“Let’s do the world a favor, yeah, let’s all go extinct.”
Can’t argue with that! In the meantime, though, we’re all going to have to keep on keeping on and there’s no better soundtrack to that the choogling groove of Blitzen Trapper.
Eric Earley says, “This song is about American apathy and the nihilism that emerges from the bogus idea that complete personal freedom should be man’s ultimate goal, when in fact man’s ultimate goal should be ecological balance, all things follow from this. Comedy and horror combine on this track, teenagers dropping acid in a masonic temple at the end of the empire, the American consumptive death-drive laid bare as a desire for extinction.”
Sounds like Blitzen Trapper is going for a Bruce Springsteen vibe with “Wild and Reckless,” the second single and title track from their upcoming self-released album. Like a lot of Blitzen Trapper jams, this one takes a bunch of cliches and twists them into something that makes you forget how tired they are on their own.
“I originally based ‘Wild and Reckless’ on a family member who eloped at a very young age to Reno. It also has shades of Bonnie and Clyde, but really it’s about the vanity of nostalgia – thinking the past somehow trumps the present, that there were better days somewhere back there,” frontman Eric Earley told Rolling Stone. “Rock and roll being one of the most notorious vehicles for nostalgia, it always seems fitting to toss guitar riffs smack dab in the middle of two lovers in bad straits.”
After a few albums on Sub Pop and a couple on Vagrant, they’re back to releasing stuff on their own label, LidKerCow.
It doesn’t take very long into Destroyer Of The Void to hear that Blitzen Trapper is swinging for the bleachers with their fifth full-length. Aside from the overtones of late ’60s Beach Boys, you’ll also find strangely appealing prog-rock tendencies, somewhere between Bowie and Jethro Tull, believe it or not.
Don’t worry: the influence is restricted to campfire acoustical moments and frontier arrangements. What’s left is a weirdly compelling album that has hints of greatness as well as its share of hair-pulling moments.
MP3: Blitzen Trapper – “Black River Killer” from Furr as well as the Black River Killer EP, which contains six additional songs, previously available as a tour-only CDR that the band has been selling themselves.
We posted the video last month, but Sub Pop has just released this MP3. If you haven’t given this band a chance yet, this song is as good an introduction as any.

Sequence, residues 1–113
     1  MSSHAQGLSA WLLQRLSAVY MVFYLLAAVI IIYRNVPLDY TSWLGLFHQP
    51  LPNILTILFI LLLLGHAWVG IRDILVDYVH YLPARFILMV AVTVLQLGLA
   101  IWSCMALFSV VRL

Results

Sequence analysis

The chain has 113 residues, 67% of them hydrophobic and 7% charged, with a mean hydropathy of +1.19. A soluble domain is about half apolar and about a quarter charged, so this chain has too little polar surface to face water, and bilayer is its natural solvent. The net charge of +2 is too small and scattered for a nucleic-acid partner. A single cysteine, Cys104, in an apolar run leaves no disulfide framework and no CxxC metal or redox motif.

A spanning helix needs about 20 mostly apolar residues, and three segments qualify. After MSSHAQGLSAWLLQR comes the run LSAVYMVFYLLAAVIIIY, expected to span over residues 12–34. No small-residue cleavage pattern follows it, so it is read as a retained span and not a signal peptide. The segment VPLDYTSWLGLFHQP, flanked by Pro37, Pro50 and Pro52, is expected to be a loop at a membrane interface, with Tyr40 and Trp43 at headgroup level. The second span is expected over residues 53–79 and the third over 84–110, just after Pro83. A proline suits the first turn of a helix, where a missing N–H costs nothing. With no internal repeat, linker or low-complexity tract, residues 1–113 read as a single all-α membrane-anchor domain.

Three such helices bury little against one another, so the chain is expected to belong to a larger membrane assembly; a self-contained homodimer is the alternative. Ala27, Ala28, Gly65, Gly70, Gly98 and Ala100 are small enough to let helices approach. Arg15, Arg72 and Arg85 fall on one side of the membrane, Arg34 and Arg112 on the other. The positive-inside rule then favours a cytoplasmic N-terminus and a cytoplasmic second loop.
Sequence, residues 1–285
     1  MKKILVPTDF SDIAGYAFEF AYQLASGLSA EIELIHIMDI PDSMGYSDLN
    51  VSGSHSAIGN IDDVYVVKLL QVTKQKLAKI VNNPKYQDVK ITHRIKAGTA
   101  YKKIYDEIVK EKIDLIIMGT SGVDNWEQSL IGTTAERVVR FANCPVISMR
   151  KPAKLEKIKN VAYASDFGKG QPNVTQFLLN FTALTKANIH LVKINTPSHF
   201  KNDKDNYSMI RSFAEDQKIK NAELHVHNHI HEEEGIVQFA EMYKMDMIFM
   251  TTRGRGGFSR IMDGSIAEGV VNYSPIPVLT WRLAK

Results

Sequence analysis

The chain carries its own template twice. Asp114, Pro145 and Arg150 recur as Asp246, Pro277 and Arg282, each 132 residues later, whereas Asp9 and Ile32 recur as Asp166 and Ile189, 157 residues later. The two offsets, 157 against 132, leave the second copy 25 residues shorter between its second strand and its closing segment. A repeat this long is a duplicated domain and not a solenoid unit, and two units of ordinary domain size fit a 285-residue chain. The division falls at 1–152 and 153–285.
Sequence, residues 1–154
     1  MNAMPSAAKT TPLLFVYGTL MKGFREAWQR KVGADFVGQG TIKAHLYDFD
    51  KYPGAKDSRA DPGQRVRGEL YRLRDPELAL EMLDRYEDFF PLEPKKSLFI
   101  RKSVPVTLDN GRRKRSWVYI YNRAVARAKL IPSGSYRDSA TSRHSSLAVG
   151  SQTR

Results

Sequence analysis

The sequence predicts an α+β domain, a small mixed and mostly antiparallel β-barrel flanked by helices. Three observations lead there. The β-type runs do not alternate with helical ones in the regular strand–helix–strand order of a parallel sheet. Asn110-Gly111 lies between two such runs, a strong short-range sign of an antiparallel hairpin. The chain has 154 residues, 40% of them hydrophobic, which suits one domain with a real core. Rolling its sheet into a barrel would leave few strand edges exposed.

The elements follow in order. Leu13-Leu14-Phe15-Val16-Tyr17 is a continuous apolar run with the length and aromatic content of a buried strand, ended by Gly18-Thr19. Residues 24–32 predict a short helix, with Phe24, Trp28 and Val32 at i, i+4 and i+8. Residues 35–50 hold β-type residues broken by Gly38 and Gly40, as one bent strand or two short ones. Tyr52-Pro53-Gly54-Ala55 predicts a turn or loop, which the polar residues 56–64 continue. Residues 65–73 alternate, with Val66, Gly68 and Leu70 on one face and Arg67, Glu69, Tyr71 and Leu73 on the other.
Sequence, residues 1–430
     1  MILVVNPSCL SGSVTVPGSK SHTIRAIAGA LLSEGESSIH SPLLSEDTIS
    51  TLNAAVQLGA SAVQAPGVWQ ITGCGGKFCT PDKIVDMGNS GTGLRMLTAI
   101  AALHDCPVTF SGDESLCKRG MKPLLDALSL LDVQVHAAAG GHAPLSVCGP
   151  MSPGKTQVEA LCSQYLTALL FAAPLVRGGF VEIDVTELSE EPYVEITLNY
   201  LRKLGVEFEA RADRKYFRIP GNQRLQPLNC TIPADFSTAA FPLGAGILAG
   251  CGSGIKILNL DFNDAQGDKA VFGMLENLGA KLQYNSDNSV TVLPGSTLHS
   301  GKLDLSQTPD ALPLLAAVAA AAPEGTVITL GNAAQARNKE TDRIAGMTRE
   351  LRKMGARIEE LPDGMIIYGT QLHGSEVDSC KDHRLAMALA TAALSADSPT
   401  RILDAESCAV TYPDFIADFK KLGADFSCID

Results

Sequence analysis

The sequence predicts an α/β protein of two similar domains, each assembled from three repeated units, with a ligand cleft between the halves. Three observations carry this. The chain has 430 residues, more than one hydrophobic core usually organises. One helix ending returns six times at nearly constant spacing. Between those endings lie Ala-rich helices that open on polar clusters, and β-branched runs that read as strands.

New video for one of the highlights of last year’s Furr. The very literal video (“Her mouth was sewn shut, but her eyes were still wide”) has an O Brother, Where Art Thou? vibe, following the actions of the narrator as he travels the country killing people just to watch them die. Yes, the lyrics are composed entirely of well-worn outlaw cliches (“Then I stole me a horse and I rode it around”). It shouldn’t work, but it does. And that’s the power of a good song: to take dumb lyrics and make them sound awesome.
Check out some “Behind the Scenes” footage after the jump…
One of the best things for a music fan is finding an album that comes totally out of left field and just knocks your socks off. For me, Wild Mountain Nation has been that album. Blitzen Trapper is an experimental rock band with a multitude of stylistic shifts contained in this album’s 34 minutes; the band revels in throwing curveballs at every turn. It’s got so much going on that the trip can be exhausting. However, even if the wild ride proves too jarring, there are qualities that can make this a useful album for discussions about music today.
For instance, if a friend ever gives you a hard time about rock music being too predictable nowadays, that there’s nothing new, play them this album. It’s innovative enough to definitively prove them wrong. It utilizes elements of classic rock, math rock, country, metal, noise, eletronica and bluegrass in its base. You could split at least one track off this album and give it to a fan of each of those styles, and they’d think you’d discovered some great new artist.
They’d be right, but then they might hate most of the rest of the album.